Objective: To examine the association between patient-perceived judgments about weight by primary care providers (PCPs) and self-reported weight loss.
Methods: We conducted a national internet-based survey of 600 adults engaged in primary care with a body mass index (BMI)≥25 kg/m(2) in 2012. Our weight loss outcomes included attempted weight loss and achieved ≥10% weight loss in the last 12 months. Our independent variable was "feeling judged about my weight by my PCP." We created an interaction between perceiving judgment and PCP discussing weight loss as an independent variable. We conducted a multivariate logistic regression model adjusted for patient and PCP factors using survey weights.
Results: Overall, 21% perceived that their PCP judged them about their weight. Respondents who perceived judgment were significantly more likely to attempt weight loss [odds ratios (OR) 4.67, 95% confidence interval (CI) 1.96-11.14]. They were not more likely to achieve ≥10% weight loss [OR 0.87, 95%CI 0.42-1.76]. Among patients whose PCPs discussed weight loss, 20.1% achieved ≥10% weight loss if they did not perceive judgment by their PCP as compared to 13.5% who perceived judgment.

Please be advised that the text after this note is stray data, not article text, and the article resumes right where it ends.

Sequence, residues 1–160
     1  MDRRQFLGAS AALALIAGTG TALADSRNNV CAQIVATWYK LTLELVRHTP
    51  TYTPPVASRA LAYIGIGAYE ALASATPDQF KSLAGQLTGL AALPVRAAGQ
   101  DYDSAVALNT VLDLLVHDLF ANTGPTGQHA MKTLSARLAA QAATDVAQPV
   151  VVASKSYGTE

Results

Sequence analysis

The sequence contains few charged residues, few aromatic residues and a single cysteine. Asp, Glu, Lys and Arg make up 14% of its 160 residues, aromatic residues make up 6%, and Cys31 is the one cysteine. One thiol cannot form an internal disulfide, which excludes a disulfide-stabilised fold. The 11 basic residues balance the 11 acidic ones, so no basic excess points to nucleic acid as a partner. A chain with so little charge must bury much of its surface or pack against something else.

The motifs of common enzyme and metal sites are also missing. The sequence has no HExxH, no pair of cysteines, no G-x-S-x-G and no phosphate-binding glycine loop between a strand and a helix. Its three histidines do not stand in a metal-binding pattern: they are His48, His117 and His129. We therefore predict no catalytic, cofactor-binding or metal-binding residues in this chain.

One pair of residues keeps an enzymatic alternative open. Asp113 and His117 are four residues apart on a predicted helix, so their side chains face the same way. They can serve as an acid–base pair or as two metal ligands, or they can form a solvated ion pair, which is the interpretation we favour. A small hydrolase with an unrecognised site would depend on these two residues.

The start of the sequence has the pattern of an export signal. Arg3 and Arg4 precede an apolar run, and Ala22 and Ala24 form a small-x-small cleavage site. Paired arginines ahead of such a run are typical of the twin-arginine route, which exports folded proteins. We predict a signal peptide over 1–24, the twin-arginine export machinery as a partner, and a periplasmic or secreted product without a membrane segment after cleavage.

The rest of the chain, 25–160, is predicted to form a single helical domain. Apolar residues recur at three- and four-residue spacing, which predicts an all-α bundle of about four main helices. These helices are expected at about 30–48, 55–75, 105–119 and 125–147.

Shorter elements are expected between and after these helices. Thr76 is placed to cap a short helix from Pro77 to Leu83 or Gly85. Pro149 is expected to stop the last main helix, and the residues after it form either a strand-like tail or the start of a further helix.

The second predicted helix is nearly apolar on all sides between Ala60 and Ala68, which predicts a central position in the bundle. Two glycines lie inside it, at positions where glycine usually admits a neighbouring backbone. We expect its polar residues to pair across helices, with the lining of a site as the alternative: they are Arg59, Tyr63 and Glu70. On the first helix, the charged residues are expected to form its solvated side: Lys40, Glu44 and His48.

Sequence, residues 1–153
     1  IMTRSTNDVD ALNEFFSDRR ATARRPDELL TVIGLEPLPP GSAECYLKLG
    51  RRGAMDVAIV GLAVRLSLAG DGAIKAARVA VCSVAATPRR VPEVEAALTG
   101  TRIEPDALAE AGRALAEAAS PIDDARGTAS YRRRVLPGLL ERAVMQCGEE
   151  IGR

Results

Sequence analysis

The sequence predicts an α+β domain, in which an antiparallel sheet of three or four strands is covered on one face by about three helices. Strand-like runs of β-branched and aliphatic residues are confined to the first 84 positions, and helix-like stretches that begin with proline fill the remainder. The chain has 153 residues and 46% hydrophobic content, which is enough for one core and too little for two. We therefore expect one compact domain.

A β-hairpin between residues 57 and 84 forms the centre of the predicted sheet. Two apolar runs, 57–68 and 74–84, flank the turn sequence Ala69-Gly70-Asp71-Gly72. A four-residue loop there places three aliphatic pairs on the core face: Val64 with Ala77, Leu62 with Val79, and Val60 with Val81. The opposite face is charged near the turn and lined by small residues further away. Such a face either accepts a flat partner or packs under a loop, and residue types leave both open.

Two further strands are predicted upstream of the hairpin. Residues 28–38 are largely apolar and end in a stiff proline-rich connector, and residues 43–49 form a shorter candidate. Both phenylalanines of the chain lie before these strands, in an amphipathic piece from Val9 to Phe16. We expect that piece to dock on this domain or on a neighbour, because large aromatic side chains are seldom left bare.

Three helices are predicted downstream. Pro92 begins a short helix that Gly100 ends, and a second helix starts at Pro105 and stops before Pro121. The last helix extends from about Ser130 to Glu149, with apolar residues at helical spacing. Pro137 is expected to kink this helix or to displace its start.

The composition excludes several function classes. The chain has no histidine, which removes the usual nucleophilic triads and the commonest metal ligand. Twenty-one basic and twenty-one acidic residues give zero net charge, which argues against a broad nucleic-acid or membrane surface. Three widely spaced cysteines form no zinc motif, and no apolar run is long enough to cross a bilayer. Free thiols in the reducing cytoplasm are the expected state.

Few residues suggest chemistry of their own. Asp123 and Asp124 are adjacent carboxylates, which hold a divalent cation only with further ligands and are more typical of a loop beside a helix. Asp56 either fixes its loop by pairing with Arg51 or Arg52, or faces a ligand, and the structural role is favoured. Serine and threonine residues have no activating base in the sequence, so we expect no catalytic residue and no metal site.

Conclusions: Weight loss discussions between patients and PCPs may lead to greater weight loss in relationships where patients do not perceive judgment about their weight.
Keywords: Obesity; Patient–provider; Primary care; Psychosocial research.
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